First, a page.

The most important colours of chrysanthemums remain white (about 60%), yellow (about 30%) and pink (about 8%). During summer, there appears to be a higher demand for white, yellow and pink, while the demand for other colours such as red, orange and autumn brown increases in autumn. In spring, bright colours such as yellow and pink are in demand. For Santini, the colour green is also very popular, accounting for about 50% of the total supply at the Flower Auction.
Peak days play an important role on the EU market. There are a number of days that generally apply to the entire European market, such as Mother’s Day and Saint Valentine’s Day. But many countries have additional festivities in which flowers play a dominant role. For example, in Sweden, Midsummer’s Eve and Midsummer’s Day (in June) are popular events in which white chrysanthemums are in high demand. Other days are also important; e.g. students in Finland and Sweden receive flowers after graduating.
In some countries, chrysanthemums – and especially the disbud and pompon varieties – are considered an autumn flower and are used a lot as grave decorations during All Saints’ Day. On this day in November, it is customary for people in many European countries (especially in France, Spain and Italy) to visit the graves of deceased family members and put flowers on the graves.
- Contact your buyers often to find out about new trends and consumer demand.
- European consumers buy quite a high number of bouquets. These are mostly sourced from the Netherlands or produced locally.
- Find out what kinds of colours your client needs and learn about new trends and consumer demands.
- Make sure that you are aware of the peak days and integrate this aspect in your production planning.
The Netherlands is the most important producer of cut chrysanthemums within Europe in terms of volume. In 2015, about 1.2 billion stems of spray chrysanthemums were supplied to the Dutch auction from the Netherlands. Italy has a larger production area, but the cultivation is less intensive with fewer stems per square meter. The United Kingdom, Germany and Poland also have a domestic supply of cut chrysanthemums. Spain is a producer of chrysanthemums as well, but production figures are lacking.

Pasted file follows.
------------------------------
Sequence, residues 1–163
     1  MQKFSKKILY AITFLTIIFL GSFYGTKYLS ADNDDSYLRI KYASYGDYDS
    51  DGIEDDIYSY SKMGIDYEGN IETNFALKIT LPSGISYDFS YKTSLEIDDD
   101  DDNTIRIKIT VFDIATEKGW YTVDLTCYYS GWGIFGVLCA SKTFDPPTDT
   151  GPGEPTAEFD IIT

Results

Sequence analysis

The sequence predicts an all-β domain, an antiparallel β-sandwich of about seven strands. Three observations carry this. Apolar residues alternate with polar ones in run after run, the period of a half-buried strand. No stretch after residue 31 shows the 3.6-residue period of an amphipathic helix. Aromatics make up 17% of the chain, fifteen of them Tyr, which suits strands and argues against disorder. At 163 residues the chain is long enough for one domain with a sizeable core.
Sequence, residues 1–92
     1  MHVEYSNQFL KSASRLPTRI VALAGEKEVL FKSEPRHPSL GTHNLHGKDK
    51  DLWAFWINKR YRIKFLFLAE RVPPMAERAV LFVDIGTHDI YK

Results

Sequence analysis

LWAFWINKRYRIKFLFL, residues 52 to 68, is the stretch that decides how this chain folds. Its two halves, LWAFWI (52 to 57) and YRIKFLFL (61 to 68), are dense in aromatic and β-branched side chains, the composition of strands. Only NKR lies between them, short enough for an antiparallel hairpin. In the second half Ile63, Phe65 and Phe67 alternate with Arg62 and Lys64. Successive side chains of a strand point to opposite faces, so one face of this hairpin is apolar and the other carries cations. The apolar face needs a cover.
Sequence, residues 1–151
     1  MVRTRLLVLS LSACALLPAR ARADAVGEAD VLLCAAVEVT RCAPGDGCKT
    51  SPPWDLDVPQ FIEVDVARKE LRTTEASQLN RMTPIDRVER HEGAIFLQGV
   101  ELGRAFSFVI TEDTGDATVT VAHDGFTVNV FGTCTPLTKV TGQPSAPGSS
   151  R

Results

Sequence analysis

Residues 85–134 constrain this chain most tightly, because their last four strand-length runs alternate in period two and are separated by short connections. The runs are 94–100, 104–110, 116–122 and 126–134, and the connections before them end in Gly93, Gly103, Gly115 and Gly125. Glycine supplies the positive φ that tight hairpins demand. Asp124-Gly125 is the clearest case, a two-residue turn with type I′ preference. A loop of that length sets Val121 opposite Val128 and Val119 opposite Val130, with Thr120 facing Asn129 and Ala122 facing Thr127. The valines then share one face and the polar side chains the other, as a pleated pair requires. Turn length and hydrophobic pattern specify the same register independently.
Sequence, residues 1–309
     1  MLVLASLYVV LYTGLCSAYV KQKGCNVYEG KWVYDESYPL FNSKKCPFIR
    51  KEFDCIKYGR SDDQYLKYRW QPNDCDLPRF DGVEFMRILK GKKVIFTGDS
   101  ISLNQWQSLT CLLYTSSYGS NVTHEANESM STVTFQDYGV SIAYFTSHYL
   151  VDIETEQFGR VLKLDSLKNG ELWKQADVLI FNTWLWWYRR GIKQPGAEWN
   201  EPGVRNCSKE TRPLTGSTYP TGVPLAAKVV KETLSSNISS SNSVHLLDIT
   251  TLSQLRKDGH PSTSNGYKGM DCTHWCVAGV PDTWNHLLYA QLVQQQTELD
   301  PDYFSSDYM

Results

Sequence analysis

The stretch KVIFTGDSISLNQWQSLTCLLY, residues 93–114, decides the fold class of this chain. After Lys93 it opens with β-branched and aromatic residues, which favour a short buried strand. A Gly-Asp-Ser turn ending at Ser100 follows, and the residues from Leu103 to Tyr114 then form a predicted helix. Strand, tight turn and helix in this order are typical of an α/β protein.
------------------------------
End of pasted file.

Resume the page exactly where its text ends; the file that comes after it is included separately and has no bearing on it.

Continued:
In most European countries, cut chrysanthemums production is mainly seasonal around All Saints' Day. In the Netherlands, however, chrysanthemums are produced and made available year-round in supermarkets. Dutch chrysanthemums are grown in high-tech, capital-intensive glasshouses. The production of chrysanthemums is relatively stable in most European countries.
- Value-added products, special varieties, market niches and sustainable partnerships with buyers offer opportunities for exporters from developing countries.
- The Netherlands is home to many world leaders in breeding that are specialised in developing new varieties.
In the past three years, EU imports of cut chrysanthemums increased from € 256 million in 2014 to € 284 million in 2016. The largest share of the imports comes from within the EU-28 and is mainly imported from the Netherlands. The main EU importer is the United Kingdom (43%), while about 85% was sourced from the Netherlands. The share of the Netherlands is gradually decreasing in favour of Colombia and South Africa. It is expected that this trend will continue.
Physical imports of cut chrysanthemums in the Netherlands are limited. These mainly supplement the Dutch assortment related to price and type. But imports, especially from Colombia, are growing. During the European winter, when supply from the Netherlands is lower, there is also more room on the market for exporters from developing countries. Imported chrysanthemums come mainly from Colombia and South Africa.
- All the main importers are usually present at the main flower exhibitions such as ProFlora in Colombia, IFTEX or Naivasha Horticultural Fair in Kenya.
- Although most imports of chrysanthemums are shipped directly to end markets such as the UK, Dutch flower traders often play an important role. Therefore, consider trading via the Dutch wholesale industry. They have experience in supplying all European markets.
- You can find monthly and annual import statistics on the Eurostat website.
- Visit the websites of chrysanthemum breeders such as Deliflor, Dekker Chrysanten, Dümmen Orange and Royal van Zanten to familiarise yourself with the latest varieties. A well-known producer of chrysanthemums in the Netherlands is Zentoo. Check their website to see which new varieties they are introducing.
The total exports of cut chrysanthemums from the EU amounted to € 325 million in 2016. Exports of cut chrysanthemums from the EU have decreased in value since 2012. This decrease was caused by lower exports to Russia as a result of an import ban on EU flowers. In addition, exports to the United Kingdom decreased as direct trade increased. The Netherlands is the main exporter of chrysanthemums in the EU.
- The Netherlands is an important year-round producer and exporter of cut chrysanthemums. Quantities of Dutch flowers are highest in summertime (May–September), resulting in lower prices on the European market. Pay attention to this price cycle when planning production.
- You can find monthly and annual export statistics on the Eurostat website.
Trends on the European market for cut flowers are described in the document CBI Trends for cut flowers and foliage. Some of the trends that apply to cut chrysanthemums are a focus on longer vase life and a growing share of direct trade between developing countries and customers in Europe.
Longer vase life